Constituencies will get detailed reports from their own delegates. However I have always said that conferences are best judged by members at home, not those in the hall, and I am interested in what made it through to mainstream TV, and what impression it left, if any. Should we concentrate on new policies, perhaps years before we can implement them, or on holding the government to account? And how do we get messages across, when as an opposition we do not command the agenda?
Rule Amendments: Card Vote Results
As these can be hard to find I’ve listed them below, with separate percentages for constituencies and affiliates. All were rejected, though a couple came close to 50% among CLP delegates.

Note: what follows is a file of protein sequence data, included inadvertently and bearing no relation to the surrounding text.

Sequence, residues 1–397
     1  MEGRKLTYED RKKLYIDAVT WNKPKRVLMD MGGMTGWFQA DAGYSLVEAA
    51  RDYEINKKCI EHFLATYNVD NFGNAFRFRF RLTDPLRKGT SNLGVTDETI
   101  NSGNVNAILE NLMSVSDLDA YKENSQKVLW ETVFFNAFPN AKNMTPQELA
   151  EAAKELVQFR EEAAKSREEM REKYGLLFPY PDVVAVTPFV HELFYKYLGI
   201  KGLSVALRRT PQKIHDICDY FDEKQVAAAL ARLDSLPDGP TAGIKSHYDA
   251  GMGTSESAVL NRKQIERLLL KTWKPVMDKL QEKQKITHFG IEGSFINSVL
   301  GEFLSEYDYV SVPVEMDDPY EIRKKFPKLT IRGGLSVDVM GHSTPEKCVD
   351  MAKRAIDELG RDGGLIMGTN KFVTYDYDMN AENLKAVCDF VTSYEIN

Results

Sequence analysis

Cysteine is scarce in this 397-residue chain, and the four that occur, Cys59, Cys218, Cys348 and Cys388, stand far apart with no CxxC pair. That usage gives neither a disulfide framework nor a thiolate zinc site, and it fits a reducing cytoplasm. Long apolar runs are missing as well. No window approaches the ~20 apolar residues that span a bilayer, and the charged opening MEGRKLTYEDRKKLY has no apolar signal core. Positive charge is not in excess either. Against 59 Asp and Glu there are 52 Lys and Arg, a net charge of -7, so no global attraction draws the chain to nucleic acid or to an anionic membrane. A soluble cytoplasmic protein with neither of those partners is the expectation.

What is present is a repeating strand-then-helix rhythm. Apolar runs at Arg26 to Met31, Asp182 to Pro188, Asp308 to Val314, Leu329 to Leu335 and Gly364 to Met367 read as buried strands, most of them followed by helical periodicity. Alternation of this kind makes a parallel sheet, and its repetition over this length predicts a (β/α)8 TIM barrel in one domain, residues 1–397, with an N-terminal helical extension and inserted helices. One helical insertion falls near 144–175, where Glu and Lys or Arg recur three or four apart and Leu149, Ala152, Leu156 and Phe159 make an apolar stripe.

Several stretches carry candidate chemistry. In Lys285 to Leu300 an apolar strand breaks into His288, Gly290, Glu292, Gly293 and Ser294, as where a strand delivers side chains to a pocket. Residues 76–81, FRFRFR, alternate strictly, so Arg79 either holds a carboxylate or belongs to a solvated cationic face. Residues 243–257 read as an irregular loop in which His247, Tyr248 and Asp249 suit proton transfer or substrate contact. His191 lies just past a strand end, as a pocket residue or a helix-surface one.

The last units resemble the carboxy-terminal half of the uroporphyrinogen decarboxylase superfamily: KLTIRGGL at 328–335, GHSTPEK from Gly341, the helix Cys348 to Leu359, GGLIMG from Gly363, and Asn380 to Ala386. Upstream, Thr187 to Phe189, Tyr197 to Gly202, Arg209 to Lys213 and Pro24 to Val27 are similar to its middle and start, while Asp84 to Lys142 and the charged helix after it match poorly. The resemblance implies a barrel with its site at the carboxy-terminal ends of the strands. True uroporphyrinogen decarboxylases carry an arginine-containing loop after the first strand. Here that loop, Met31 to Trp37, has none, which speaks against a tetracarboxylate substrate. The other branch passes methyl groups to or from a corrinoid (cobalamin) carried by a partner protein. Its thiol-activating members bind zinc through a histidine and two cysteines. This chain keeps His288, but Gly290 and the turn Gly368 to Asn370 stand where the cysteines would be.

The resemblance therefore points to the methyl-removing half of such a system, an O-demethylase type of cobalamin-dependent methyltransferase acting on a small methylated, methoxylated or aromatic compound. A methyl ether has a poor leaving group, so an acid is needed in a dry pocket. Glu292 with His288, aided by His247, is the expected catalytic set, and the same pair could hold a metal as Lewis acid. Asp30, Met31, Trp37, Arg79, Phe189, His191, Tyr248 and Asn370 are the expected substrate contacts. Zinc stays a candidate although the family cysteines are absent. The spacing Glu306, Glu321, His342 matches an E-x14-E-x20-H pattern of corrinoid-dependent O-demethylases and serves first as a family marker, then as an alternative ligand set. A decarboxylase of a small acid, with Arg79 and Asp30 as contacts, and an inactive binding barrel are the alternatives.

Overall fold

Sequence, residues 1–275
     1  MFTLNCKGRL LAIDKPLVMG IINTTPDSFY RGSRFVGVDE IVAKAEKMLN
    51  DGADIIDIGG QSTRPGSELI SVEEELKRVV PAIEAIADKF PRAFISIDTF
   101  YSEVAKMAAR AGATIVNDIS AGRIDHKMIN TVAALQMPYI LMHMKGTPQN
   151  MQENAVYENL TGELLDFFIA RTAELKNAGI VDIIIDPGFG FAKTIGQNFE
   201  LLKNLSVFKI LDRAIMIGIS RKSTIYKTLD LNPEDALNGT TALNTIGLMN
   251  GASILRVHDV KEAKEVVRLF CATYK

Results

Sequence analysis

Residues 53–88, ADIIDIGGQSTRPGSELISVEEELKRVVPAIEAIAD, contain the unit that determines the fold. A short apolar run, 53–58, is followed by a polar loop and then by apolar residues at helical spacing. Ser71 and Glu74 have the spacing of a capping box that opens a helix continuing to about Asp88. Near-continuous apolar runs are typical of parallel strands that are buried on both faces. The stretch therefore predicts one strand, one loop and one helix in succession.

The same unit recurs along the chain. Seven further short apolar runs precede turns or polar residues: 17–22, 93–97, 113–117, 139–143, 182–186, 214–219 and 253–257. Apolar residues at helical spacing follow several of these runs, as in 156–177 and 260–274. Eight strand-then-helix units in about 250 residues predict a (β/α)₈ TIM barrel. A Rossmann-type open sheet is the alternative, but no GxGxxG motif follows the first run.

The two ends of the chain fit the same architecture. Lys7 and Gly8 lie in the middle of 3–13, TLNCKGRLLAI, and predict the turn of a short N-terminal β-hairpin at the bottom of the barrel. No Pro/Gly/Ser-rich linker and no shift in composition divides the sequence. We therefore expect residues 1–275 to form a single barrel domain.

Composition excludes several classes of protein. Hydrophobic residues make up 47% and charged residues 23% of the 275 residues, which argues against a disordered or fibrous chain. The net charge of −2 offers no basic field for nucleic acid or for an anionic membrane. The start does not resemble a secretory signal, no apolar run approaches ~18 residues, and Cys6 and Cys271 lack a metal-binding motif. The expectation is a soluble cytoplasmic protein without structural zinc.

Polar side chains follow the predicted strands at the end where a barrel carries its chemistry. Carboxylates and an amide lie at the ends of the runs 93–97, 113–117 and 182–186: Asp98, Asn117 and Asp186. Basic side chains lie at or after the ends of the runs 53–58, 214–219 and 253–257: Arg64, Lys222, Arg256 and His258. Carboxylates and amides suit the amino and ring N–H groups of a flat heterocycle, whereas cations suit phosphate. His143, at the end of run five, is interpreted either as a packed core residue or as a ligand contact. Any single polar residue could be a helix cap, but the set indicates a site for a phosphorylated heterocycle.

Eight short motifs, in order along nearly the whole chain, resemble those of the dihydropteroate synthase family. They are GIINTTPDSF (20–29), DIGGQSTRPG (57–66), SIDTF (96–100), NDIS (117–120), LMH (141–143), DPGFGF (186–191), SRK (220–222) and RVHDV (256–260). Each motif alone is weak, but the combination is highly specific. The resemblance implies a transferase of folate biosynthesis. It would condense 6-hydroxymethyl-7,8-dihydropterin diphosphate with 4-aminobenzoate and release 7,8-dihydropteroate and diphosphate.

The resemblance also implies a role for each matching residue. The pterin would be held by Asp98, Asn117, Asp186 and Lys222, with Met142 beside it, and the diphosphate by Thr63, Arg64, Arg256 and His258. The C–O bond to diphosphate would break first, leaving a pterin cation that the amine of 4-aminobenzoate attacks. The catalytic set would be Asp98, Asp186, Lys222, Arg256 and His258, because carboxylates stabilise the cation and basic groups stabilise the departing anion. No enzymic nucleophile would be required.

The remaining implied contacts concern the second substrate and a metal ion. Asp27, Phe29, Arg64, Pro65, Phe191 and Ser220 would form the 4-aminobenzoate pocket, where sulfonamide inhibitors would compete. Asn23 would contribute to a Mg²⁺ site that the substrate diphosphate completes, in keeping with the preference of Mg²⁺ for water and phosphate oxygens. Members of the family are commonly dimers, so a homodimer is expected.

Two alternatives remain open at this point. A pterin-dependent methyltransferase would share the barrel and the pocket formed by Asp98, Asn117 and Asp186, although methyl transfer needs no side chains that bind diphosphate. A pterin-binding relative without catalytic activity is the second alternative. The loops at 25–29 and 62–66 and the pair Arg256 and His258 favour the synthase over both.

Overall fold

1 – replace clause IV with new wording (proposed by Castle Point, Ceredigion and Dagenham & Rainham, opposed by the NEC because Refounding Labour showed no demand for change). Lost with 12.4% in favour (21.1% of constituencies, 3.6% of affiliates);
2 – establish a Labour party code of ethics (proposed by South Ribble, opposed by the NEC because standards are already set out in codes of conduct and staff contracts). Lost with 20.1% in favour (29.6% / 10.6%);
3 – establish a charter of members’ rights (proposed by Hyndburn, opposed by the NEC because most items are already in the rules or guidelines). Lost with 18.1% in favour (24.7% / 11.6%);
4 – allow CLPs to send a male delegate to conference for two consecutive years where they cannot find a woman (proposed by Winchester, opposed by the NEC because the rule was amended in 2008 so that CLPs can send another man after two years if they are still unable to find a woman. Further change would dilute women’s representation). Lost with 7.4% in favour (12.7% / 2.0%);